Behind the Scenes at ESPN's College GameDay

College GameDay is ESPN's iconic show that airs every Saturday morning during football season. You may know it as the show on which former coach Lee Corso picks the winner of the featured game by putting on the mascot’s head. Or you may remember it because the fans are piled up behind the set, and the craziest of the crazy of them arrive at 4 a.m. (or earlier) to get those seats, no matter the weather. The rest of the fans carry signs (sometimes larger than themselves) that insult or make random accusations (true or untrue) about opposing coaches, make fun of cast members, and other silly things.

I attended the Michigan-Penn State game on October 21 in State College, Pennsylvania, and went to GameDay that morning. The day before, I spoke with a number of announcers, including Kirk Herbstreit, Desmond Howard, Rece Davis, and David Pollack, about what it’s like being on the show, what life is like on the road, how campuses impact the production, and what they enjoy about being part of it.

One of the central aspects of GameDay is that each week it’s in a different location. There are some places that the show visits regularly, such as Tuscaloosa (Alabama), Columbus (Ohio State), and Death Valley (Clemson); while other places don’t get it as often, such as Happy Valley (Penn State) and Ft. Worth (TCU).

ESPN’s State College “war room” was a single room in the Old Main building, which is an administrative office on campus. The lawn in front of Old Main was where the set was located. There, I spoke to a pair of producers—Jim Gaiero and Drew Gallagher— about the production of GameDay.

Gaiero explained that they try to go to “the best game possible but also make sure [they] get the best scene possible.” This is why they went to James Madison University (JMU) in Harrisonburg, Virginia, in mid-October for the first time since 2015 and the second time ever.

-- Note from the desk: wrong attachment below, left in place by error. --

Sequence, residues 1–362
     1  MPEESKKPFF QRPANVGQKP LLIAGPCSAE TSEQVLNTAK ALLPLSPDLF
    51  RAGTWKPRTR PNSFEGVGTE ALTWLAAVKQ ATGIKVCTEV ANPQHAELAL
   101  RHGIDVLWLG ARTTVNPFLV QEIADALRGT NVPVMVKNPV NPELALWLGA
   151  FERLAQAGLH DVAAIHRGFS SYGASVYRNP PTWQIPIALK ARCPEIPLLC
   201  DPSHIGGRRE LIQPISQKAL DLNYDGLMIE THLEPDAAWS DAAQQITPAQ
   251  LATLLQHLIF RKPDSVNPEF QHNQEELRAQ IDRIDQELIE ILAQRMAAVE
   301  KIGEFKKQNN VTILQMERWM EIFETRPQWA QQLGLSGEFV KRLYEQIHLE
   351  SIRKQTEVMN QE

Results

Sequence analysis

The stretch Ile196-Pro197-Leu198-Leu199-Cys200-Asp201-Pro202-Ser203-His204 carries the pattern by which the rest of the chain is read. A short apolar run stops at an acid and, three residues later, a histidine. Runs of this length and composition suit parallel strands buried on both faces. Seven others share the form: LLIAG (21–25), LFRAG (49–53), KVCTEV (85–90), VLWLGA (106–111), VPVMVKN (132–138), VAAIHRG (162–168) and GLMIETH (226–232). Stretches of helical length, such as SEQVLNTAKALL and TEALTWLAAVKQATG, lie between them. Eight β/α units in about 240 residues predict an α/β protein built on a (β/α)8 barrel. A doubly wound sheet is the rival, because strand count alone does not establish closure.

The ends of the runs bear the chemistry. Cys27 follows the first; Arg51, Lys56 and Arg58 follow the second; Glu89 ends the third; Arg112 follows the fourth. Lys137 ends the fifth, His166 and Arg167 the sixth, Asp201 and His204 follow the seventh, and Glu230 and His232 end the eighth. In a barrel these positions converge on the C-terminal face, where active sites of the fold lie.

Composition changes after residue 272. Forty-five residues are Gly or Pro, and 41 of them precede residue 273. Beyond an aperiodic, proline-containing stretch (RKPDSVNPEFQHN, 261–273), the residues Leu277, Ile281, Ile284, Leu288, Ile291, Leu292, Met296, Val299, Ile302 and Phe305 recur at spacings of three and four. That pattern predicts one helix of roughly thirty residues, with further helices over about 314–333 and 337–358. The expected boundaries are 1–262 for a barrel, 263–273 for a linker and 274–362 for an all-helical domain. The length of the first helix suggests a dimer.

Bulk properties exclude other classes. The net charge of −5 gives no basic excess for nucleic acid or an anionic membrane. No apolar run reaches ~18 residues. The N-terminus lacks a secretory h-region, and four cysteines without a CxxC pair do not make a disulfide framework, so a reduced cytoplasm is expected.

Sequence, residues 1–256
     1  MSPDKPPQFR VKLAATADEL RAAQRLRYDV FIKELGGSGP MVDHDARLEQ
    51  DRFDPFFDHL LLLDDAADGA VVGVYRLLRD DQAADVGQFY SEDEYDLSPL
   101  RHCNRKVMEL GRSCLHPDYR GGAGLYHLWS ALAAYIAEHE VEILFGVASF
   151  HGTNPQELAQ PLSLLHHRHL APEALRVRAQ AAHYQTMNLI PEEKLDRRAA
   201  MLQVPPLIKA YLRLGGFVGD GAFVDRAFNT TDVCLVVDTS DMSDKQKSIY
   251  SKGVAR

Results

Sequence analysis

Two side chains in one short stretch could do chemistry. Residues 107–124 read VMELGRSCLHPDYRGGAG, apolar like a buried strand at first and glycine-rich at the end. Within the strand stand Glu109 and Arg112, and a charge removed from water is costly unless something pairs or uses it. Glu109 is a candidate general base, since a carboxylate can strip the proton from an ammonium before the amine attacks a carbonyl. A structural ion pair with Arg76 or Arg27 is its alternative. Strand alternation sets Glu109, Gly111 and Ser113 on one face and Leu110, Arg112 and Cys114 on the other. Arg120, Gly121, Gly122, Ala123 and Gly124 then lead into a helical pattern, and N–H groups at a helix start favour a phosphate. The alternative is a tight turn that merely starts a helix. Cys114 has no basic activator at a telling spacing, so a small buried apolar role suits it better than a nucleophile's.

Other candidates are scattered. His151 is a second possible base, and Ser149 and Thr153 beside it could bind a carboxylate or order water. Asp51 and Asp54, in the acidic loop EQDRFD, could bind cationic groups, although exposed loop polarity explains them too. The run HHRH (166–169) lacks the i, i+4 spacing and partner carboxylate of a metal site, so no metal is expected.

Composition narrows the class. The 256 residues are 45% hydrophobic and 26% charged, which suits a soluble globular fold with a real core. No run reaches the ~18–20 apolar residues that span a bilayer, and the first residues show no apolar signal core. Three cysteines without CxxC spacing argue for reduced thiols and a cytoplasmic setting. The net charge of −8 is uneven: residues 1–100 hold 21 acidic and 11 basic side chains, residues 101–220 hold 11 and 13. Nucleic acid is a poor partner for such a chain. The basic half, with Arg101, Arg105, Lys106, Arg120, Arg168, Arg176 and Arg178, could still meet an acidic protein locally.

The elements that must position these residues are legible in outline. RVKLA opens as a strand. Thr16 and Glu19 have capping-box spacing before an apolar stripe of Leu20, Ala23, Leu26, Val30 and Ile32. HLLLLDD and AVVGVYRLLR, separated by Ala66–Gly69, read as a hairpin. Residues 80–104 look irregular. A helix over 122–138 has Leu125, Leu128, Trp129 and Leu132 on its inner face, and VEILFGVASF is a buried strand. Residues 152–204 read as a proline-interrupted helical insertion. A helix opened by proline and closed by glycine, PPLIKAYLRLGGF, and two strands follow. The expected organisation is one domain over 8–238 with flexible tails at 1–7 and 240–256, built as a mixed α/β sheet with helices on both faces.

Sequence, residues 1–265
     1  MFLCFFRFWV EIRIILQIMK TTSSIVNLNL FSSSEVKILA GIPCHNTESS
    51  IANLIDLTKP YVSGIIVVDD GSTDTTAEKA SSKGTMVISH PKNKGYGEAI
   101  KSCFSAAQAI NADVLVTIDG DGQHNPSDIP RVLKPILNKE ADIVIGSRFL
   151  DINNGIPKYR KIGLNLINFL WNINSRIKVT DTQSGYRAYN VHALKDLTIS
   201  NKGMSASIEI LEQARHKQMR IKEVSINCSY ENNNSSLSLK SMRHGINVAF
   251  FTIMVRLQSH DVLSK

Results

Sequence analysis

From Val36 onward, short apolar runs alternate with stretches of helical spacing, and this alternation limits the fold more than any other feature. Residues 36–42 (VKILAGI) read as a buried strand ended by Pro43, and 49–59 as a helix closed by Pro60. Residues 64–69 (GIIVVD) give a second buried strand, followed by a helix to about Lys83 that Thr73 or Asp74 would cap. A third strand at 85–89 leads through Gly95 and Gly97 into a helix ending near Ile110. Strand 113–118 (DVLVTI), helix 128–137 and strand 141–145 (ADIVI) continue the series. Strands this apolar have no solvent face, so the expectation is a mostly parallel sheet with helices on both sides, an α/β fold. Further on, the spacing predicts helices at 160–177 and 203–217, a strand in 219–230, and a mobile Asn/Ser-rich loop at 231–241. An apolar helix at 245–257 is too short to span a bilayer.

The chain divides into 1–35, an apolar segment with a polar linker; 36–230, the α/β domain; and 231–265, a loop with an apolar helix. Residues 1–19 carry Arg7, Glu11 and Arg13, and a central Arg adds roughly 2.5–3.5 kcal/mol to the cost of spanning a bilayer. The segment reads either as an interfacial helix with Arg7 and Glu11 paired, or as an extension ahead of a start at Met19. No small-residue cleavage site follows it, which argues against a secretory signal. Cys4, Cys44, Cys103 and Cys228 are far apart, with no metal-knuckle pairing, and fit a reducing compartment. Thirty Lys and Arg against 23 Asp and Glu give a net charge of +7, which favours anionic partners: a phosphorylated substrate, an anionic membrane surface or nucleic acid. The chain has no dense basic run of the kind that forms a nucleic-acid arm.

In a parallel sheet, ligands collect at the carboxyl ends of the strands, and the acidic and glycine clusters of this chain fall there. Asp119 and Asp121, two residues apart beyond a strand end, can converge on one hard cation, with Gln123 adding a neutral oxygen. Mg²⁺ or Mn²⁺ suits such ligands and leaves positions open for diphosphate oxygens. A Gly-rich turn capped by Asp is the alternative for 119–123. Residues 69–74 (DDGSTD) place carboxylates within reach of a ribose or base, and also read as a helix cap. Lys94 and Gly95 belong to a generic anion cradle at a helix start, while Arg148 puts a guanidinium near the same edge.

Pollack, one of the show’s analysts, said that when GameDay goes to a new school, the level of enthusiasm reaches new heights. “James Madison was nuts,” he said. “TCU was nuts because they don’t get it very often.”

Gaiero added that regardless of the how often the show visits a campus, each production is different. “Even though we go to Alabama every year, we always find something new to do,” he said. “New ways to interview coach [Nick] Saban, stuff like that.” He emphasized the need to “keep it fresh.”

At some campuses there may be more than one place to put the set, and that matters to the crew. Derek Volner, the communications manager at ESPN, explained that at Penn State, the wide-open, mostly flat lawn in front of the Old Main building where the set was located was perfect. There are other schools where the set is at the bottom of a hill, and students are standing at the top, looking down.

Whenever GameDay goes to a school multiple times, the crew tries to change the set’s location on campus. In addition, Herbstreit explained that in the past five to seven years, the show had been working on finding locations that give more of a collegiate feel.

Cast members explained that they really appreciate the energy from students and fans, and that State College was a terrific example of that. Speaking casually with local media in shorts and a T-shirt, Herbstreit explained, “When you have passionate fans and a great team, it just makes for a chaotic scene around the set.” Pollack and others echoed this, saying that they like to travel to different places each week.